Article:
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Plasma tech could replace one of world's rarest materials

Plasma tech could replace one of world's rarest materials

Dr Behnam Akhavan in the plasma lab. Credit: Dr Behnam Akhavan

Full article issued by The University of Sydney.

A team led by Dr Behnam Akhavan, an ARC Discovery Early Career Researcher Awardee (DECRA) from The University of Sydney, has developed a low-cost, sustainable, and readily available technology that can dim the screens of electronic devices, anti-reflection automobile mirrors, and smart architectural windows at a fraction of the cost of current technology. 

It would replace one of the world’s scarcest – yet highly ubiquitous in use – modern materials: indium, a rare chemical element widely used in devices such as smartphones and computers, windscreen glass and self-dimming windows.

Although small amounts are used to manufacture smart device screens, indium is expensive as it is hard to source; it naturally occurs only in small deposits. Industrial indium is often made as a byproduct of zinc mining, which means a shortage could occur if demand for optoelectronic devices, such as LCDs and touch panels, ramps up.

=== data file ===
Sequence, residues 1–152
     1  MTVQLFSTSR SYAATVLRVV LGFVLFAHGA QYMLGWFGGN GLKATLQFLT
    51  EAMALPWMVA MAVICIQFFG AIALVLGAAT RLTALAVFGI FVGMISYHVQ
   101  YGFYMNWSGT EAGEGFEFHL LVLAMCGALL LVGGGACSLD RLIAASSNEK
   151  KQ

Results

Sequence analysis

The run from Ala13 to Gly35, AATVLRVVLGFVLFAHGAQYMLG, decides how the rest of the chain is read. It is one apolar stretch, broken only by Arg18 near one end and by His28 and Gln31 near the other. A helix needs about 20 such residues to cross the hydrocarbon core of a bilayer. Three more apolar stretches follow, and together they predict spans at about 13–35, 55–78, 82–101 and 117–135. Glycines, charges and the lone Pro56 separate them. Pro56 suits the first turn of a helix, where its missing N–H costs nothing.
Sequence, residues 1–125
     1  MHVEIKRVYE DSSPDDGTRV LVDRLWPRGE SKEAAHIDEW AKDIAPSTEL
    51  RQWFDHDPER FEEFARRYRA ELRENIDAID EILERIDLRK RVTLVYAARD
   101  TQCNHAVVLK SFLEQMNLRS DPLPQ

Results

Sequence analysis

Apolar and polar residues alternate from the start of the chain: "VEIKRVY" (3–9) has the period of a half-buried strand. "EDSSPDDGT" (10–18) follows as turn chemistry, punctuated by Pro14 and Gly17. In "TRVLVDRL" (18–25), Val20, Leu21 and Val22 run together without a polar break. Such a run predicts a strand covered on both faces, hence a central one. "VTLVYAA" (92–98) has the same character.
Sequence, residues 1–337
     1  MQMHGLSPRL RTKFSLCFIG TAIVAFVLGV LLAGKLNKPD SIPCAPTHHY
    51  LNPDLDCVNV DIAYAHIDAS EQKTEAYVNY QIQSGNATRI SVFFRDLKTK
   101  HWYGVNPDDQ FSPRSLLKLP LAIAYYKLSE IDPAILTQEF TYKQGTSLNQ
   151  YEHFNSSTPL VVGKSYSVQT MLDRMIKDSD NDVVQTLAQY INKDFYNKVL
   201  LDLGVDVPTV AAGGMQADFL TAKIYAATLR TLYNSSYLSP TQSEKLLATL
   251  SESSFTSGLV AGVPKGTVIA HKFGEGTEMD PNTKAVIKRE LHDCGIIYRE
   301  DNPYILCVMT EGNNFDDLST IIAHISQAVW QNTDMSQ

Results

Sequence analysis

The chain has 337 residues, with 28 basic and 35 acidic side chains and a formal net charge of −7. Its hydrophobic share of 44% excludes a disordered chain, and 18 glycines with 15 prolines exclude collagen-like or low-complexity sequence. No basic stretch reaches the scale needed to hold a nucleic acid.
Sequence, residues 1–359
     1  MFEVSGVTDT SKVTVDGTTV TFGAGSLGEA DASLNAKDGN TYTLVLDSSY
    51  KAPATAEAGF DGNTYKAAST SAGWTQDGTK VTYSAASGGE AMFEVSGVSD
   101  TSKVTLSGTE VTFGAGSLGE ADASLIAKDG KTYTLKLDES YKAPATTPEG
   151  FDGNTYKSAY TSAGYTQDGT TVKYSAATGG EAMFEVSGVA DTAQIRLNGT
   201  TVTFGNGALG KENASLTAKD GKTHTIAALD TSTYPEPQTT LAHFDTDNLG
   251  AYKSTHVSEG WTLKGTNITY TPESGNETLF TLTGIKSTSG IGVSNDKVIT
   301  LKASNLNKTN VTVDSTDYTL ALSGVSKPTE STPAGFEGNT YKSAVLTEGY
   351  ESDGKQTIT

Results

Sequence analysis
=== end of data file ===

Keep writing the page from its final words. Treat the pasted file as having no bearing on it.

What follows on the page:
'When you change the transparency of a wearable electronic or a smart window, an electrochromic device is doing the work,' said Dr Akhavan.

'Until now, these devices have typically relied on materials like rare indium to do the job. What we have created is a manufacturer’s dream: a technology that removes the need for indium and instead uses a plasma-engineered, three-layered structure that is much cheaper to produce.'

 

Dr Behnam Akhavan in the plasma lab. Credit: Dr Behnam Akhavan.

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